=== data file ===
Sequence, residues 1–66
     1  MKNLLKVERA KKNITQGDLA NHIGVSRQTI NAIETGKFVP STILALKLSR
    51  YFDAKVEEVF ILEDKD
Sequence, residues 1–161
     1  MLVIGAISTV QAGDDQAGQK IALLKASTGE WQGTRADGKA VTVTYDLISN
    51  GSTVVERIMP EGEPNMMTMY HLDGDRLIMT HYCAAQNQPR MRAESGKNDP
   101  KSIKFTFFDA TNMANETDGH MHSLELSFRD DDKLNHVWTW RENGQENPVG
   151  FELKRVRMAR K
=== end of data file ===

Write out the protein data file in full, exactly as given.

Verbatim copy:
Sequence, residues 1–66
     1  MKNLLKVERA KKNITQGDLA NHIGVSRQTI NAIETGKFVP STILALKLSR
    51  YFDAKVEEVF ILEDKD
Sequence, residues 1–161
     1  MLVIGAISTV QAGDDQAGQK IALLKASTGE WQGTRADGKA VTVTYDLISN
    51  GSTVVERIMP EGEPNMMTMY HLDGDRLIMT HYCAAQNQPR MRAESGKNDP
   101  KSIKFTFFDA TNMANETDGH MHSLELSFRD DDKLNHVWTW RENGQENPVG
   151  FELKRVRMAR K